And I have to tell you this, I don't usually get this vulnerable in the pulpit. I have found myself in tears on more than one occasion this week just reading these verses, reading them with understanding of what they meant in that moment, and what they mean to us today. Here is God so violated by the disloyalty of his people, and in every right to obliterate them from the face of the earth, and we read these words, "How shall I give you up, Ephraim? How shall I cast you off, Israel? How shall I make thee as Admah? How shall I make thee as Zeboiim? My heart churns within me; my sympathy is stirred. I will not execute the fierceness of my anger; I will not again destroy Ephraim. For I am God, and not man, the holy one in your midst; and I will not come with terror".
In these words of Hosea, there are four questions. "How shall I give you up, Ephraim? How shall I give you up, Israel? How shall I make you as Admah and Zeboiim"? Those two cities were cities on the plains next to Sodom and Gomorrah. In other words, God is saying, "How can I destroy you like I destroyed Sodom and Gomorrah"? Then comes the great answer from God, "My heart is turned within me, and my compassions are kindled together". This is amazing. How can you love someone who throws your love back in your face? And yet, this is what God is doing. He just will not quit loving his people. And this is the amazing thing. Because of what God is, he sees us, he sees our possibilities, and in spite of all of our backsliding, in spite of all of our disobedience, in spite of the fact that we have contempt sometimes for his love, we hear him saying, "I cannot give you up. I will not, I will not, I will not".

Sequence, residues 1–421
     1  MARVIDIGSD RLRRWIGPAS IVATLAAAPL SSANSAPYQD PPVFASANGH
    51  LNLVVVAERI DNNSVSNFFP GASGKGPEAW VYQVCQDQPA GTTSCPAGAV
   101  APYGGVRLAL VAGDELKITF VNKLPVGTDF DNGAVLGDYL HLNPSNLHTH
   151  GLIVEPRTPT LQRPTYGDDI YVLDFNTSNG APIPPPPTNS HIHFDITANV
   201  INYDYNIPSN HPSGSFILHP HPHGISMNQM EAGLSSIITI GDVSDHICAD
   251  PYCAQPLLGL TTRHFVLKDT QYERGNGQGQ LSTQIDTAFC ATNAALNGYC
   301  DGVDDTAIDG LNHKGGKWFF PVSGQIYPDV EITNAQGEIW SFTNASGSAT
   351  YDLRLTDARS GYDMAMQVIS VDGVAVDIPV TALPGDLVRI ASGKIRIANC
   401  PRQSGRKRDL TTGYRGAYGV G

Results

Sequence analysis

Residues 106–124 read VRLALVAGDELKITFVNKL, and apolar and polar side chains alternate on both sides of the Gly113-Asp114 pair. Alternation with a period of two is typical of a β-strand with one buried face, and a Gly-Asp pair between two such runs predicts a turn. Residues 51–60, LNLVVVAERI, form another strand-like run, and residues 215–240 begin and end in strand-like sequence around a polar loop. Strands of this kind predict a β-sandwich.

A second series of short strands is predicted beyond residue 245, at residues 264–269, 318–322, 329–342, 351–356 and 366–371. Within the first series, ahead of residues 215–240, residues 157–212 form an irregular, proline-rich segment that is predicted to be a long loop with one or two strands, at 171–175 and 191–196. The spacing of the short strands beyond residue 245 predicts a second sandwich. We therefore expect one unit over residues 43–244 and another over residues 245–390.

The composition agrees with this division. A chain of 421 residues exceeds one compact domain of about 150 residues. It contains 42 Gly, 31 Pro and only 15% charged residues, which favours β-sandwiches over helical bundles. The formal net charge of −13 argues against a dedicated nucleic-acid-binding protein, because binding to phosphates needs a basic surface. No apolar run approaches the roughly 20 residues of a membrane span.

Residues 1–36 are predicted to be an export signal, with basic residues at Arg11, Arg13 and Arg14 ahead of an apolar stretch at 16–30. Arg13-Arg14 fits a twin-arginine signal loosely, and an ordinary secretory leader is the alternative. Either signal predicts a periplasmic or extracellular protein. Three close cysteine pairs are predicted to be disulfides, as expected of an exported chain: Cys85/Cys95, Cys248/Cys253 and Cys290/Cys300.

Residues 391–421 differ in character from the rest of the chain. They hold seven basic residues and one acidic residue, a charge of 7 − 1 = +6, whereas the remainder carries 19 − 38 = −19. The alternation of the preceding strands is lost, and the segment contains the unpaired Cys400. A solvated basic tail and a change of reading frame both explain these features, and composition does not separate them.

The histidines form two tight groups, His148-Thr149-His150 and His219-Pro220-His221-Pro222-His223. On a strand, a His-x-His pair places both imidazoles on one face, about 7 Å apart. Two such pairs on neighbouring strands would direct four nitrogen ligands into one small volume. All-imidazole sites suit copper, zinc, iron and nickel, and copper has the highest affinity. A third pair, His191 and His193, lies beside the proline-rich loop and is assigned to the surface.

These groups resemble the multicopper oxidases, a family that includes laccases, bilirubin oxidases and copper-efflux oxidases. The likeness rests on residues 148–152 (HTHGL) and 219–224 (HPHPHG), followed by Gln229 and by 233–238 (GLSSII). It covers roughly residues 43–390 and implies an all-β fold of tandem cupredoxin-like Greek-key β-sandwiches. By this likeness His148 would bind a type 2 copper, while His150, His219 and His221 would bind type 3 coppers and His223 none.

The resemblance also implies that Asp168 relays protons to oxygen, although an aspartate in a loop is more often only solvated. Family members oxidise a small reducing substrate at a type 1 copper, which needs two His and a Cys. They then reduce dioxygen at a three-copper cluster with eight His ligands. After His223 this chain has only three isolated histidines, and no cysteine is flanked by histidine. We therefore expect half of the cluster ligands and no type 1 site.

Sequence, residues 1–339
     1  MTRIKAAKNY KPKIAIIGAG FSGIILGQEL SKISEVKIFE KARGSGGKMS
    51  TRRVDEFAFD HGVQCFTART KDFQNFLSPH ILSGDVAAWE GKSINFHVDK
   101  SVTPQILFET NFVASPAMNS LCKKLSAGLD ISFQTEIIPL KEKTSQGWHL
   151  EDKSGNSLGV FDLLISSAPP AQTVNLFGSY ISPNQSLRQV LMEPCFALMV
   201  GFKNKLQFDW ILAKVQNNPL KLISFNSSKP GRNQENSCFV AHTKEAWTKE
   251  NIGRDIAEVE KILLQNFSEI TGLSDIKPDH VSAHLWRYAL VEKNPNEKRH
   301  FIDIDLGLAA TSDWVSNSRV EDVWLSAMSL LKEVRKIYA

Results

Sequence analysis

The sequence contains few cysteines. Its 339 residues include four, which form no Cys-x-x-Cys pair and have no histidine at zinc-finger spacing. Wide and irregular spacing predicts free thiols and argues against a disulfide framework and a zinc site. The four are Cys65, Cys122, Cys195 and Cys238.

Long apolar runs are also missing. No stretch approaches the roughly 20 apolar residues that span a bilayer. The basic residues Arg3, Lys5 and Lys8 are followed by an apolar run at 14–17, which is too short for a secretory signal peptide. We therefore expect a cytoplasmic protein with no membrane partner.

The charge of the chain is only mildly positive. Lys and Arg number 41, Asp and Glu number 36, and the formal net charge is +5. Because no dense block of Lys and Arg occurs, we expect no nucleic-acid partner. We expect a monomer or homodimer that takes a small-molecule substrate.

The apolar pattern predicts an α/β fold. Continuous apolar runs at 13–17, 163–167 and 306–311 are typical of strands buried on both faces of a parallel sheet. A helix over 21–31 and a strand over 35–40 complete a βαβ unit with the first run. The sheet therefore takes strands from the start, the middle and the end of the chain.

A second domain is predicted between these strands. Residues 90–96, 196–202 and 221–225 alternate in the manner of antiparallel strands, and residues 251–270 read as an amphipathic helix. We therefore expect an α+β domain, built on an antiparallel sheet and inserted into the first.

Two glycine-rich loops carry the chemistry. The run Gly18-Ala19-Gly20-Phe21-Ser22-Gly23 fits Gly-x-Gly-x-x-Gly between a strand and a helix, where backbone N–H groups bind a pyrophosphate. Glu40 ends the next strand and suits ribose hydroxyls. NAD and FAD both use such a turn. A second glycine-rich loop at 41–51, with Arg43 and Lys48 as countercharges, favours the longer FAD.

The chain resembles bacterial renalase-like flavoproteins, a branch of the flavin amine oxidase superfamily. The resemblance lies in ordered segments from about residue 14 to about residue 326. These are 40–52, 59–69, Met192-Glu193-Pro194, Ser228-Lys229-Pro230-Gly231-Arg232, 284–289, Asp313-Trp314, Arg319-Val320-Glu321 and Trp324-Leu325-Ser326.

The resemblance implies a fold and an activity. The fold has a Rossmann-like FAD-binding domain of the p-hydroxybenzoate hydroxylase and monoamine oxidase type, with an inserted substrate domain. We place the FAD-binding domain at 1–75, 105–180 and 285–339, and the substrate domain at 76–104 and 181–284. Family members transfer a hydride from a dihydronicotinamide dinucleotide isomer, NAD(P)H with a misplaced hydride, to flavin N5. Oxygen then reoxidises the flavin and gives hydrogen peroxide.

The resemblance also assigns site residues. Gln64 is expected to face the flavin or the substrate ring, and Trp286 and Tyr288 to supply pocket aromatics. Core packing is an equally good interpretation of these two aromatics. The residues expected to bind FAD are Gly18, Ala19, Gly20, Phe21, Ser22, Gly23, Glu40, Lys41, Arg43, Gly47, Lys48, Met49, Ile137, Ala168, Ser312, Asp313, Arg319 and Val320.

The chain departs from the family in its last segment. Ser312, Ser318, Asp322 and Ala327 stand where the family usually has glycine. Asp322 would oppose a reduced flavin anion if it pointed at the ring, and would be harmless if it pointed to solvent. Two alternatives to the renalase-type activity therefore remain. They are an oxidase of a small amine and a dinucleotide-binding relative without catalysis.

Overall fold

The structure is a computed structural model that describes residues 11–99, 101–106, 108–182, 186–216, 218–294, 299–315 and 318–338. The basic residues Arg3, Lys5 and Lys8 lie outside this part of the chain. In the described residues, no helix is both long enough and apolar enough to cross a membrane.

The commitment of God's love, and the contempt of it, and the compassion of it, and finally the consummation of it. Verse 9, this is God's decision. "I will not execute the fierceness of my anger; I will not again destroy Ephraim. I am God, and not man, the holy one in your midst; and I will not come with terror". You say, "Pastor Jeremiah, how can God do this? How can God just not respond to the disobedience of his people"? Here we have God's justice being defied. And here we have God's love being expressed. And remember the passage from 2 Timothy that says God cannot deny himself. That means God, in the midst of all of this, he has to be God first and foremost, he has to be holy, and he has to be loving. But when we look at that through our human eyes, we say there's no way, how do you make that work?
I mean, if they've sinned and they violated your justice, they must be punished. And if you love them, you have to just turn your eyes away from what they've done like a doting old grandfather who pats his children on the head and says, "Just go play, go play". And neither one of those are options for God. In order for him to be just, all of the sin of the world had to be atoned for. The Bible says the soul that sinneth, it shall die. And the sin of the world could only be atoned for through death. And so, he sent his Son, listen to me, the infinite Son of God to go to the cross, and suffer the infinite death that was necessary so that all of our sins could be atoned for, and God's justice could be poured out on his Son.
And there at the cross, with his arms outstretched, he says, "If you will come to me and receive what I have done through my Son Jesus, I will forgive you of all your sin, I will wash you clean, and now I can show my love to you because the justice issue has been resolved". Every time you think that maybe God's love is just a simple, easy love, just look at the cross. Because the cross standing there in the center of all humanity is a reminder to us of the justice of God poured out upon his Son so that God could say to you and to me, and to his people Israel, "I love you. I always have, and I always will".